I collect tents and also have a TNF Mtn 24. The MTN 24 is more rigid but weighs 8.5lbs, has integral vestibule, and is a WET tent. I don't always use the vestibule in the Eldo and it adds 1.5 pounds.
The Eldo is the driest tent I own--I have never had any condensation at all except a few wisps of frost on the poles. When setting it up in a storm you anchor the front tabs with your skis, pull it over you and your pack like a poncho, shake off the snow, then zip the door, then you're inside. Pull out the poles and mostly set it up from the inside, though you have to open the door quickly to seat the poles, and at some time you have to stake the rear and put on the vestibule if two persons are using it.. but I have no problem with the vestibule.
I use it almost exclusively in the winter at altitude. It does flap some in bad winds, but I have been in it in 50 MPH winds and 5 below and was glad that I had it along. I find that the side pull out work well and the velco tabs are a nuisance, but once inside the tent I have plenty of time to fuss with them. In deep snow the roof vents work perfectly and you just push out against the snow now and then to keep the walls from caving in.
I cook in the vestible if I have it, or inside with a hanging stove if I don't. I wish I had bought it first and saved all the rest of the money spent on my other tents.
If you want to stay DRY buy this tent! No water. No…
Design: four season
Ease of Setup: Easy
Weight: 4.2 pounds
Price Paid: $575
If you want to stay DRY buy this tent! No water. No condensation, save for tiny, tiny drops in the poles on only the worst days. I've camped in snowstorms, thunderstorms, high winds, you name it, you stay dry!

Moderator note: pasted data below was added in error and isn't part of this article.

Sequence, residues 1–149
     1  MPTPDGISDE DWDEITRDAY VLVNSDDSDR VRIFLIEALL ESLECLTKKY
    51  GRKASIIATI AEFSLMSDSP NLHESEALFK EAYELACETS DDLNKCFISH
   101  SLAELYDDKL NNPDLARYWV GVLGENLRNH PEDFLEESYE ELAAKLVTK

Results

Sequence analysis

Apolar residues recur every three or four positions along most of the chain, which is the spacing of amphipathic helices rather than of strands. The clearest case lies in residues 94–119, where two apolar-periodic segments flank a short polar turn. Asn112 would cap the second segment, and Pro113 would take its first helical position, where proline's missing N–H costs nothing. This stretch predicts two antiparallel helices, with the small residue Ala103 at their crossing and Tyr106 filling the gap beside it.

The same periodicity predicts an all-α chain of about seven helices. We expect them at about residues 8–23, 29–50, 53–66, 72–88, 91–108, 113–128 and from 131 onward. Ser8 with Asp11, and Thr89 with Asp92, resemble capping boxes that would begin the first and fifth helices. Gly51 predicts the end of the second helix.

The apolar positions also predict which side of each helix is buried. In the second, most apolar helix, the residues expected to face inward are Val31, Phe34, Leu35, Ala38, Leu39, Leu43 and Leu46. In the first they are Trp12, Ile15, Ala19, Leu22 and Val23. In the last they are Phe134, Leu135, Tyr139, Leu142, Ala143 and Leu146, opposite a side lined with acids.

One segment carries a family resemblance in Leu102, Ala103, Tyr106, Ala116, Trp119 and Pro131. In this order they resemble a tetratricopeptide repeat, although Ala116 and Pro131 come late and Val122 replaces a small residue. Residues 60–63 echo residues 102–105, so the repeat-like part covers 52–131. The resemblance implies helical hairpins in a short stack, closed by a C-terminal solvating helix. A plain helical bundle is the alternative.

I've also used it in the high winds of Glacier National Park on 10 feet of snow. Yes, the wind will beat on it, but the trick is to set it up so it doesn't collapse. In other words, have it face the wind (or have the rear face the wind and anchor it down properly).
My only complaint is that it doesn't pack down very small, particularly when it's frozen, but that's not enough to dock it any points. I would rather sleep in this tent than my own bedroom. Anyone having trouble with the two pole setup isn't doing it right. The two poles are easy, and breaking down camp is even easier. I'm a professional photographer and my gear has to stay dry. This tent gets the job done.
Have used this tent extensively in Alaska, and agree…
Design: Single wall
Ease of Setup: Easy
Weight: 5 pounds
Price Paid: $450 (six years ago)
Have used this tent extensively in Alaska, and agree with most of the comments on the other review here. Advantages are light weight and ease of set up (if you don't bother with Velcro tabs on poles, which aren't needed if no wind).
Disadvanges: lack of strength in high wind. Wind demolished this tent on a '94 trip in the Chugach Mts. -- one pole broke and numerous tears in the fabric -- even though the tent was fully guyed. (Incident occurred while I was off hunting sheep.) Bibler fixed the tent, but charged me steeply for the favor, so I'm not all that impressed with their service.
Other flaws include poor ventilation, which means lots of condensation running down the interior poles in cool, humid weather. And you can't enter the tent in the rain without getting everything wet inside, even with the rather sad vestibule.
Still, it has been absolutely waterproof in the worst rainstorms, and I generally like it. It's probably best used in winter, below treeline. Wouldn't buy another one, though, especially at current price.